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File:Deus ex iw 4130.jpg

Totally Radical, kickass slogan too.

Deus Ex: Invisible War is a First-Person Shooter with RPG Elements developed by Ion Storm and published by Eidos. Released simultaneously for Windows and Xbox in December 2003 in the United States, Invisible War is a sequel to the critically acclaimed Deus Ex. While well-received critically and commercially, its reception was not nearly as good as its predecessor's.

Invisible War takes place in 2072, twenty years after the original, in a world being rebuilt after the destruction of global infrastructure at the hands of the first game's protagonist, JC Denton. The World Trade Organization somehow forms a global government, creating modern city-states, known as enclaves, in which the majority of the game takes place. World's major religions are united into a monolithic fanatical cult strongly opposing the WTO's policies. Following a terrorist attack by an unknown group which destroys most of Chicago, the player assumes the role of Alex D, a trainee at the prestigious Tarsus Academy whose support as a mercenary is sought by several factions during the course of the game.

The game combines First-Person Shooter, Stealth Based Game and a few RPG Elements. The gameplay is significantly simplified compared to the original, exemplified in the "Universal Ammo" concept: having a shared ammo count for every weapon the game. Other examples include no skill system, no sandbox levels, and plenty of handholding.

Tropes used in Deus Ex: Invisible War include:
  • Actionized Sequel: You can blaze your way through the game with impunity, but you can also opt to play it as an exploration game with fetch quests and some action segments. Just because you can choose to have a gun on your screen at all times doesn't mean the game keeps making you use it.
  • After the End: The game takes place after the Collapse, that is, a complete breakdown of social, political and economic order that occurred as a result of the events of Deus Ex.
  • A.I. Is a Crapshoot: To this day, players debate whether or not Helios has completely gone off the rails of its and JC's promise of the "first true democracy" in the Helios Ending in favor of total control. Invoked in-game by Chad, who is convinced, and tries to convince Alex, that Helios has long since erased JC and merely uses his brain as a processor now. He's wrong, though it doesn't shed light on the first point at all, and you can't get the dialog that proves it while going for the Helios Ending.
  • All Asians Are Alike: The Dragon's Tooth sword was originally based off of a Chinese jian sword, which makes sense as it was canonically developed in China. Yet it becomes a samurai sword in IW... a Japanese weapon.
  • Ascended Extra: Chad Dumier. In Deus Ex, he appears for a total of one brief and optional scene. In Invisible War, he becomes one of the major players in the story and setting as the leader of the Illuminati.
  • Authority Equals Asskicking: All of the faction leaders are tougher than a normal human enemy, even though none of them (other than the Dentons) are explicitly augmented. The Dumiers and Tracer Tong are all as tough as an Elite Mook, while Saman can withstand as much damage as a nano-augmented Tarsus Cadet or Paul Denton despite being explicitly a non-augmented Muggle. JC Denton himself has the (second) most health of any character in the game, being about on par with a Heavy Combat Bot in terms of durability.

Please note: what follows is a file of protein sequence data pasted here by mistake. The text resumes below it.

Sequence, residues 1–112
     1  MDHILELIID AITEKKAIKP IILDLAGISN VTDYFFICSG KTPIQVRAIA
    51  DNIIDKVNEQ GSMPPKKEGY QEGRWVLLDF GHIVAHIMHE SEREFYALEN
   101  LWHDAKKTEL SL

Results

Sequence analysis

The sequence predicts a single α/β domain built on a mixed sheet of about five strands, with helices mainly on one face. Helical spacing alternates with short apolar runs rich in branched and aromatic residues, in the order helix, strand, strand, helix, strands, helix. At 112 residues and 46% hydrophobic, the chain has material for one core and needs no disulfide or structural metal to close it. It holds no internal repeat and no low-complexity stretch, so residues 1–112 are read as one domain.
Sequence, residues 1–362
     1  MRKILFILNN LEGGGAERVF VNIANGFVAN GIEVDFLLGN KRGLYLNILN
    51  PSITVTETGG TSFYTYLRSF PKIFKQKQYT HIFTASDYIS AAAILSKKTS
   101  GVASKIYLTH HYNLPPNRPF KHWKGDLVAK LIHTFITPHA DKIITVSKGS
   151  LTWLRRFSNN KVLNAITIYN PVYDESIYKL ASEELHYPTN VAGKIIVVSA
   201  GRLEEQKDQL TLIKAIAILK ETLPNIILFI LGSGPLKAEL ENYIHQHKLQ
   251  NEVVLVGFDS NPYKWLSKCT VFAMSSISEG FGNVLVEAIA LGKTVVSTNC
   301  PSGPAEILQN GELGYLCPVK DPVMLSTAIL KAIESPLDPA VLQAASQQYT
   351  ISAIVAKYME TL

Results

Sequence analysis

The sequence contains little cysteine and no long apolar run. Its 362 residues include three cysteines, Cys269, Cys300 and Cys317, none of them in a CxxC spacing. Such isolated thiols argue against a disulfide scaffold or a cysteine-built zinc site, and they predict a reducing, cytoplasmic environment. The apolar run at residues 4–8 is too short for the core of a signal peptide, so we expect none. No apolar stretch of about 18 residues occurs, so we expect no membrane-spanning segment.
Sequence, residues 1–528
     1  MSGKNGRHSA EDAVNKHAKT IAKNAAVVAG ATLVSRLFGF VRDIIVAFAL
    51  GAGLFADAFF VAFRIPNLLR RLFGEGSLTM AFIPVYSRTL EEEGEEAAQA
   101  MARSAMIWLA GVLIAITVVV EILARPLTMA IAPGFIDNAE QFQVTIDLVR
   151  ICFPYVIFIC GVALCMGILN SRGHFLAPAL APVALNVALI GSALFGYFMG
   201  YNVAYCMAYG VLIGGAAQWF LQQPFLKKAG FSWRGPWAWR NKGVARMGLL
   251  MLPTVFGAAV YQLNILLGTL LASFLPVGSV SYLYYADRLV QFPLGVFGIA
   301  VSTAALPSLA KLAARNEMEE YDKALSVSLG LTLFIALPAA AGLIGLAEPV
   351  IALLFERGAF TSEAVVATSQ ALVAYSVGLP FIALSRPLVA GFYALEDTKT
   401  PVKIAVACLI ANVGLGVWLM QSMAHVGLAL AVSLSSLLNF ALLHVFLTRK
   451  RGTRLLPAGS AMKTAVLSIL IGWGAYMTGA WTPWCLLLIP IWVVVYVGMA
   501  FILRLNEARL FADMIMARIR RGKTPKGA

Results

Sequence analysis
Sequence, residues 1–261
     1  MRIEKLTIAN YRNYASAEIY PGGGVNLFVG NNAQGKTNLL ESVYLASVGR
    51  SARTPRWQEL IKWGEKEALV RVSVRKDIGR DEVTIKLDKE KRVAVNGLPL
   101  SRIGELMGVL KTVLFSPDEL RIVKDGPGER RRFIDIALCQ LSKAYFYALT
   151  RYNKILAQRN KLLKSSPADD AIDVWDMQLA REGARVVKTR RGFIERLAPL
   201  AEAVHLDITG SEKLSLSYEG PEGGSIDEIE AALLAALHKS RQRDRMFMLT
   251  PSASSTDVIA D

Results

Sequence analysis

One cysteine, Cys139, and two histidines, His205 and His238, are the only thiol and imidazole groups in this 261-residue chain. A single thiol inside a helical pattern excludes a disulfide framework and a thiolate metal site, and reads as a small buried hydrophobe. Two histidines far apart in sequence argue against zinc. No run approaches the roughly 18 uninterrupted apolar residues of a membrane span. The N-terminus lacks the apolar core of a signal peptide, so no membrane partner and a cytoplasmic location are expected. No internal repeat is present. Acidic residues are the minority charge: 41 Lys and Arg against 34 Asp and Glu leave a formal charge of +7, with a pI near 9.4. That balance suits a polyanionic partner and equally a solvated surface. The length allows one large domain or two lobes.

• Awesome but Impractical: The Dragon's Tooth Sword is easily the most powerful melee weapon... but is only obtained once you start primarily fighting the durable and explosive Templar armoured soldiers and the Illuminati elite troopers that release gas on death.
  • Back from the Dead: Paul Denton, assuming he dies in the first game. The game's canon assumes Paul lived, as the original game gave you the choice. You can kill him anyway here.
  • Bio Augmentation: They're called Biomods now.
  • Black and Gray Morality: The Knights Templar are evil with everyone else being ambiguous.
  • Black Market: The Omar.
  • Boring Yet Practical: The baton strikes quickly, easily takes down enemies with the increased strength biomod, and can disable cameras and turrets without exploding them with the EMP Discharge biomod.
    • As par for a Deus Ex game, the humble pistol. Accurate, easy on ammo, and the unique variants have good firepower.
  • Color Coded for Your Convenience: The regular and black-market biomods are blue and red respectively.
  • Cool Sword: The Dragon's Tooth Sword and its mass-produced version.
  • Crapsack World: JC Denton caused a collapse of the economy, genetic experiments have infested cities as wild greasels and karkians have killed most urban wildlife and make walking at night dangerous. In contrast to his description of Deus Ex, Warren Spector described Invisible War as set "five minutes before humanity's rebirth."
  • Cross Player: Unlike the first game, you have a choice of whether you want Alex(ander/andria) to be male or female (though at the end of the first game, you find a male Alex D. floating in a tank). Certain characters will treat you differently based on your gender, and it opens and closes a few extra mission options for the player.